Vaccination program – Drugs that induce/inhibit cytochrome p450 – broad microbiology – allergic/hypersensitivity reaction types – types/examples of vaccines – immunoglobulin types – 

I also attended a course arranged very kindly by our deanery for candidates interested in the FRCEM primary. It was purported to be a tough exam, as the previous attempt had had a passing percentage of 43 percent. Yes, only 43 % of the candidates who appeared for the previous attempt passed. We gulped down our fears, and while the course gave us a broad idea of what wee needed to be doing (which was a lot!) it served no greater purpose than to tell us that we were not alone in being scared and that everyone seemed to be equally stumped by their performance in the questions – slightly reassured by the fact that during practise mcq sessions, when the consultants tried to solve the questions they were mostly unable to. Slightly reassuring, and mostly horrifying, as how were we supposed to pass the exam?! Yikes. What threw most people was that the exam format had been changed – from the previous true or false format, to the  Single Best Answer Question or SBAQ format. All options in a given question may be correct in different ways, but select the answer which is most appropriate according to the stem. Which basically translates to “guess what the examiner was thinking when he/she made this question” – so no pressure!

By the last few weeks, I was about to pull my hair out – the amount of mcps I was doing wasn’t too much, and I didn’t seem to be ding all that well if you calculated the number of questions I was getting right – overall a 52-55 percent of correct answers. Abysmal. I did not let that disappoint me, however, knowing full well that practicing questions was the way to go in such an exam format.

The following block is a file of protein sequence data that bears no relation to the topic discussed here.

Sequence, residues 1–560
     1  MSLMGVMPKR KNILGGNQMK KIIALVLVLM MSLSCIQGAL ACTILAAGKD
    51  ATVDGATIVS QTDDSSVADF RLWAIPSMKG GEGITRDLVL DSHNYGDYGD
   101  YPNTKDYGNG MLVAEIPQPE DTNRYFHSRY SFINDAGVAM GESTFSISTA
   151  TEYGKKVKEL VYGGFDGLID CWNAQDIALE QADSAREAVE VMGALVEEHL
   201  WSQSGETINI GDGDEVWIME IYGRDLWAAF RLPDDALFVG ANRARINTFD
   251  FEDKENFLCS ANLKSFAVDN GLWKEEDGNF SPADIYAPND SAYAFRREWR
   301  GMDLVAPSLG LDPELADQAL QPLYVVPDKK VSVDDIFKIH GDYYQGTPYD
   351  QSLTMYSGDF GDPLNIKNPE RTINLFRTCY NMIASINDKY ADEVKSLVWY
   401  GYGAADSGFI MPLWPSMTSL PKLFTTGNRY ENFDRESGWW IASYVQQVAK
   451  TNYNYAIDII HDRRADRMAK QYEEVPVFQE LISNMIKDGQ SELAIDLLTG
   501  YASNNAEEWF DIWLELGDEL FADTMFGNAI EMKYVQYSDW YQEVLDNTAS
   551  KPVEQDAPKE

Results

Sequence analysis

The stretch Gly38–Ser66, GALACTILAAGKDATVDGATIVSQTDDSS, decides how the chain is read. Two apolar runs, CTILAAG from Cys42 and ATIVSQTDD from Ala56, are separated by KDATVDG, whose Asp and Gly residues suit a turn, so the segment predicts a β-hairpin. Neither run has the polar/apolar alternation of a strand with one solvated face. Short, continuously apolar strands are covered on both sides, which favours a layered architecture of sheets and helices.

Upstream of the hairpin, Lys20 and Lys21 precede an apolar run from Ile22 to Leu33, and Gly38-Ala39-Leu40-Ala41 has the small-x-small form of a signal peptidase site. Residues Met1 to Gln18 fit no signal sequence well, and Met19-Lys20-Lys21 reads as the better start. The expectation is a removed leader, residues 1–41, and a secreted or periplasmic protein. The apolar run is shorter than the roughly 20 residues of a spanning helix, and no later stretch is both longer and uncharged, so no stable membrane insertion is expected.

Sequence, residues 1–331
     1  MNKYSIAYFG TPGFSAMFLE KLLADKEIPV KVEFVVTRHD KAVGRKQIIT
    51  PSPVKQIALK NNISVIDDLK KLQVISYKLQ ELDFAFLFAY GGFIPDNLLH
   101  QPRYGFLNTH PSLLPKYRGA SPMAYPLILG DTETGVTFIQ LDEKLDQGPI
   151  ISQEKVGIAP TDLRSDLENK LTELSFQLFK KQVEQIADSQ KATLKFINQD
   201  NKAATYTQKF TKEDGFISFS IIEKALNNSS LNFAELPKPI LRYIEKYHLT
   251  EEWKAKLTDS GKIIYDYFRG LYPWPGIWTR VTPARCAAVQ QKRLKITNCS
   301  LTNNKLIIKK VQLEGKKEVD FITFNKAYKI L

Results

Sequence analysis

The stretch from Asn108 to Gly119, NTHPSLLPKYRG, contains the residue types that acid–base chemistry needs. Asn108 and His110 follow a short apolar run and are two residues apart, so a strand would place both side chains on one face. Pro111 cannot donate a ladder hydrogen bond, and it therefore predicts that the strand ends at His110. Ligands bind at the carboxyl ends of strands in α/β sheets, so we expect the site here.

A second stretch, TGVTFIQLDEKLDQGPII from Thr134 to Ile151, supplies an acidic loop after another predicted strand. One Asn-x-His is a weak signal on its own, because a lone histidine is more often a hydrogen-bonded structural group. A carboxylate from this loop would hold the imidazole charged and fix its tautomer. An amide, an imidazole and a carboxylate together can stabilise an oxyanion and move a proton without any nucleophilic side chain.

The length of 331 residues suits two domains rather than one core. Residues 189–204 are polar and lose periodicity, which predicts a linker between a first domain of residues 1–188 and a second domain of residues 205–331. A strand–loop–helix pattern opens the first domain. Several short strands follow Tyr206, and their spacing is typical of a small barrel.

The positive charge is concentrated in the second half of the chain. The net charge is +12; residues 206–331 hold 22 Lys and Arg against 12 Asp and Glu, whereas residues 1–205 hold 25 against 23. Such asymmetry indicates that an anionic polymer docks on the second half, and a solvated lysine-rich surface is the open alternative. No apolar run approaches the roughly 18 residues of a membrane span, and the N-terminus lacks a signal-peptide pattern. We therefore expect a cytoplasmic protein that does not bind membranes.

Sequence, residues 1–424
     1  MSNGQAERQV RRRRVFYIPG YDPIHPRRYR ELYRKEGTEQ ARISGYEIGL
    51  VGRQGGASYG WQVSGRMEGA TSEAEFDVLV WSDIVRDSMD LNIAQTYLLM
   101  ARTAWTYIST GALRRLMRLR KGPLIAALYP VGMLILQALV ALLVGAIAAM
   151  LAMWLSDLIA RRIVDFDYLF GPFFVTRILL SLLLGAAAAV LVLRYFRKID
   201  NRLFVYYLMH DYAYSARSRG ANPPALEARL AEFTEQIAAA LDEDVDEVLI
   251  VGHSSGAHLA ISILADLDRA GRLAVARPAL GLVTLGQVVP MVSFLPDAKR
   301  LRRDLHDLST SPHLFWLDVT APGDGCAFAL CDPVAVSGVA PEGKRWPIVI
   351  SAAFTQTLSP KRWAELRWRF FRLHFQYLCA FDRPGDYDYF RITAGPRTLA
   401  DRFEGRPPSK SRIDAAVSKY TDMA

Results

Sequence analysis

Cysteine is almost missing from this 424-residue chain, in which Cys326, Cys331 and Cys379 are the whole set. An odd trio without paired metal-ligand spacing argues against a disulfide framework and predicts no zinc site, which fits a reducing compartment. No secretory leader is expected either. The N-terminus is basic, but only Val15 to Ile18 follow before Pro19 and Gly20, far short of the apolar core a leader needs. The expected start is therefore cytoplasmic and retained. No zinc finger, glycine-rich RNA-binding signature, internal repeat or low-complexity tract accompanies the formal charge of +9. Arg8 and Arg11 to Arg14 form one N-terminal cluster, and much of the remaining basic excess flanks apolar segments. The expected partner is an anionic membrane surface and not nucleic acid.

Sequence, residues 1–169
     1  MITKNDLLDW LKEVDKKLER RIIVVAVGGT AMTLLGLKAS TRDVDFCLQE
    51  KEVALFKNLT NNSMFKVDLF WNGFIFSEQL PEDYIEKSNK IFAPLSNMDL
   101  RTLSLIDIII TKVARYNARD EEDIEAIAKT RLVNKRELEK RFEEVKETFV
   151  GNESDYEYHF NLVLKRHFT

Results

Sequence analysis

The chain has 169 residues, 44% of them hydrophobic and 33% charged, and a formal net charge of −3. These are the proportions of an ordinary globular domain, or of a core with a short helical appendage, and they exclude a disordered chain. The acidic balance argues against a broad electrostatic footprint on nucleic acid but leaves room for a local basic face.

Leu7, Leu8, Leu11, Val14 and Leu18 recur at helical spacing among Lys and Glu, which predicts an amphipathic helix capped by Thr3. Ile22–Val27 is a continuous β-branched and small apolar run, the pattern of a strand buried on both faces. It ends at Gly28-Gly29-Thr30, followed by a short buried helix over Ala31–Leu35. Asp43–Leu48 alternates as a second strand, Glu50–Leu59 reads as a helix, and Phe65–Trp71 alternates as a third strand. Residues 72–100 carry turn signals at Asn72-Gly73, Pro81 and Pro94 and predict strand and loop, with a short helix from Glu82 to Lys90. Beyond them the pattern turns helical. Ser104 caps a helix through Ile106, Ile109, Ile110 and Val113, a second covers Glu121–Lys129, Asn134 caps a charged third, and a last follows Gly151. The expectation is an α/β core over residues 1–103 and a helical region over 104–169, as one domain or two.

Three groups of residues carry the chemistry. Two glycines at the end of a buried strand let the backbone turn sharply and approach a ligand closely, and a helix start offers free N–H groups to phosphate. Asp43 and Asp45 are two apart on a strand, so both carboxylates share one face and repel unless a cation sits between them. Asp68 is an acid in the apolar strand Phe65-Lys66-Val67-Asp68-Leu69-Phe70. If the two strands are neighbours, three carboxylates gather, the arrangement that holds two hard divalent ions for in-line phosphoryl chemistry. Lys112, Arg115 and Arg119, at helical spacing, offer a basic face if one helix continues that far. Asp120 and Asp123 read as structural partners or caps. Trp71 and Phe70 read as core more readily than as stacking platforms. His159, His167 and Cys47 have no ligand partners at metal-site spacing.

I used up all of my 2 weeks of annual leave and 3 out of 5 days of study leave for this exam, which brought me to just about 20 days of uninterrupted preparation (coupled with MANY visits to the department for ARCP related issues). That I feel was the single best thing in way of preparation – the time off was focussed, and I wasn’t tired from running around – preparation is mentally exhausting as it is, coupled with the physical exhaustion of day-to-day ED life – it takes a toll. All I did was sleep, eat and study. Lather, rinse, repeat.

But I will reiterate here what I have said before as well – you can never do enough questions as practise – just keep doing as much as you can, every waking minute make sure you are doing questions. Whether its 5 or 50 questions, make sure you stay consistent and do not get laid-back and forget to do questions – keep doing them, whether right or wrong, as long as you are also focusing on the explanations of those questions, its a learning experience.

Advice about the exam itself: Time management – 180 questions, 3 hours. The way I did it was divided it into 3 parts, so I needed to have completed 60 questions in 1 hour, and preferably even faster than that, since I needed to allow some time at the end to go back and tackle the more difficult or confusing questions. Keep track of time as well – if you seem to initially be on track, keep checking the clock every 10-15 minutes and make sure you are on track. If you feel you need to think more than 20 seconds for an answer and are still unable to do so, then mark the question and move on, return to it later. Do not waste minutes on a single question, causing a delay and jeapardising multiple other questions. Read the stem carefully – often we do not read the ‘except’ ‘all’ which’ ‘most appropriate’ next step’ gold standard’ ‘not included’ bits of the stem and inadvertently end up selecting the wrong option. In case of long stems, read the last bit/question and the skim over the rest of the stem, to gauge what they are looking for. If you don’t know the answer, go through the options by the process of elimination. Eliminate the blatantly wrong options. Think about the rest, if possible eliminate another 1 or 2 till you are left with one. If you read the stem and know the answer, look for that in the options, if you see it, select that. Always attempt all questions, no use leaving a question blank and lose an opportunity of a lucky guess. Feel free to draw, make flowcharts, write things down in the margins of the question paper if it helps you remember, calculate, reach a conclusion (I remember I drew the whole optic nerve/tract/radiation diagram to help me diagnose where a lesion was based on the hemianopia referred to in the question paper!) The questions may be easier than your practise question bank – don’t worry!